Does your company have a poor employee retention rate? Not only can this increase your human resources expenses in terms of hiring an on-boarding processes, it can also damage your company’s reputation. In turn, it may become more difficult for your HR personnel to fill open positions as they spend more time trying to defend your company than sell its offerings to potential candidates.
There is, of course, a way to solve this problem. Here’s how:
1. Understand how job abandonment hinders recruitment
People abandon jobs for a number of reasons. A BambooHR survey study of 1,005 U.S. employees aged 24 and older found that the top three reasons people left their jobs was because they didn’t like their boss, they wanted to do different work or because they were performing responsibilities that differed than what they were hired to do.
While we can’t say these former employees are more likely to leave reviews on career review sites like Glassdoor, it’s safe to assume that if they did, they likely wouldn’t be overly positive. And when job seekers stumble upon negative company reviews, you risk losing out on potential qualified candidates.
“30 percent of people want to see a company have at least a 3 star rating before they’d apply to a company.”
A Software Advice survey of 4,644 people in the U.S. found that just over 30 percent of people want to see a company have at least a 3 star rating before they’d apply to a company. Candidates were most likely to be deterred from jobs by a lack of career opportunities, poor culture and values, a negative work/life balance, bad senior management reviews and low compensation and benefits.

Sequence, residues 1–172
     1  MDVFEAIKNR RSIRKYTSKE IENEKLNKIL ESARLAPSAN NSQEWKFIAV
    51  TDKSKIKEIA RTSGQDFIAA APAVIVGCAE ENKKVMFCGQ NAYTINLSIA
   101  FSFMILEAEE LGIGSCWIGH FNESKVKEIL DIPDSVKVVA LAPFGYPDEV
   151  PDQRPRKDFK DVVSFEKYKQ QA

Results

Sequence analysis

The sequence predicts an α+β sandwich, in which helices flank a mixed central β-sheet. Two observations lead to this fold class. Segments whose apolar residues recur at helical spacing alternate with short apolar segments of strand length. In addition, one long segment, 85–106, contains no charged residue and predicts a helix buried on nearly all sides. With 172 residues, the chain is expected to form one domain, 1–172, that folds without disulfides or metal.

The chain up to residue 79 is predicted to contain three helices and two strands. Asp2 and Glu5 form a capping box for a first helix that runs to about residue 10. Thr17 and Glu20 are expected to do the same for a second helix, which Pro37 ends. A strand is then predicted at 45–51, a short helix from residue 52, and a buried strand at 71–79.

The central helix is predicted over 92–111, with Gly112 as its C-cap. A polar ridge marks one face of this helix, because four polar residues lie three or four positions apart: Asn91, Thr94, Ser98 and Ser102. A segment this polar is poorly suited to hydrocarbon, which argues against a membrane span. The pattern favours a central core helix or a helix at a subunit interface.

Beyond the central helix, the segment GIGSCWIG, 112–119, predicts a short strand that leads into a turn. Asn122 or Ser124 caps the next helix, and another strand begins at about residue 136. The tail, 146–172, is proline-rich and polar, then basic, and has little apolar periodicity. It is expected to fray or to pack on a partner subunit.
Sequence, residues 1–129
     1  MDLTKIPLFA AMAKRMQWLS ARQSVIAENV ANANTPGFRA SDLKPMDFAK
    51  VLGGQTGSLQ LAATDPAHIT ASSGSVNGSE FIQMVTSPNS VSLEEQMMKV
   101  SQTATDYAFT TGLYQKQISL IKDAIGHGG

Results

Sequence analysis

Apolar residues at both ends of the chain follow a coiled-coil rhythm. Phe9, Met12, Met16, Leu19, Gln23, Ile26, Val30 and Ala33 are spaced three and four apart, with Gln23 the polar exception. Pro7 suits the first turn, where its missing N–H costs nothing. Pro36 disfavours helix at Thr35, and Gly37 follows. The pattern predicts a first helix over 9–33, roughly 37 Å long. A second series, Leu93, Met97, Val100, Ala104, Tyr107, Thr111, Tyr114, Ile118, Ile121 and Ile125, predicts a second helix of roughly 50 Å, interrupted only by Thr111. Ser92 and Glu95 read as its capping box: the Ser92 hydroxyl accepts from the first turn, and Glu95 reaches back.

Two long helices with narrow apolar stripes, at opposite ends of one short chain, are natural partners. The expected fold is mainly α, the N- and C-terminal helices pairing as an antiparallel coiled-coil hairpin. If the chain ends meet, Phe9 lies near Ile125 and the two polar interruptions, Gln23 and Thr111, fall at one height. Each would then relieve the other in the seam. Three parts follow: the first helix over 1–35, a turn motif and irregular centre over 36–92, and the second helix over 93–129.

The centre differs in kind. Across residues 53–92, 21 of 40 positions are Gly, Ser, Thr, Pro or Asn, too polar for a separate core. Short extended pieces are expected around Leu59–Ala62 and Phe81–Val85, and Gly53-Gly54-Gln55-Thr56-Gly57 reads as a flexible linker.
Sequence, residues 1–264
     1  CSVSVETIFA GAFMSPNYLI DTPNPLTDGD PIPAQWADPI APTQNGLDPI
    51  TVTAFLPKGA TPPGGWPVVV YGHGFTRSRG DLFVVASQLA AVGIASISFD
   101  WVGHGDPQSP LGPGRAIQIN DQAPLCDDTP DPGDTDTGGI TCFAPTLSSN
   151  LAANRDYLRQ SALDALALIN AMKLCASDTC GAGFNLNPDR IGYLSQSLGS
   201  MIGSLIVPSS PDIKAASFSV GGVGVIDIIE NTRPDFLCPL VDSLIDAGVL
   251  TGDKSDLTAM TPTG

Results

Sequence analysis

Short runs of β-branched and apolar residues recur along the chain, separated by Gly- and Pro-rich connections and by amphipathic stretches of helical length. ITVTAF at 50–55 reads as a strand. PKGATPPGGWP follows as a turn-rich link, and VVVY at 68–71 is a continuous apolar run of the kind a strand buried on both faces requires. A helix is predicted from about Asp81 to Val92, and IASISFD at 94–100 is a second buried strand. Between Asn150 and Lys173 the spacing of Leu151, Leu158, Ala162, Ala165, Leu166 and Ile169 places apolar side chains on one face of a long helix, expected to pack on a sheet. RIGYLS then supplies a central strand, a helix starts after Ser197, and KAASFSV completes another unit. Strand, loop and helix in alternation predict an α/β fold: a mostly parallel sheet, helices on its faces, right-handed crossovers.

It only makes sense that job abandonment and subsequent poor reviews are likely to make it difficult for recruiters to sell their companies to prospective candidates. That’s why it’s critical companies take the time to reduce job abandonment.
2. Reduce job abandonment
First and foremost, hiring managers need to understand where talent is looking for jobs and where they typically leave company reviews. A 2015 LinkedIn survey of 20,000 professionals in 29 countries found that 60 percent of job applicants looked for new opportunities on online job boards, 56 percent searched on social professional networks and 50 percent by word of mouth.
The first step is knowing where the talent is so you can reach out to them. This could possibly reduce the overall time it takes to hire a candidate. The second step is to evaluate job review sites, like Glassdoor. Look at what former employees are saying, respond appropriately – to show you’re making an effort to improve company culture – and make changes internally according to the reviews.
Reducing job abandonment takes time, but once this number drops, you may find it’s easier to hire highly qualified industry leaders.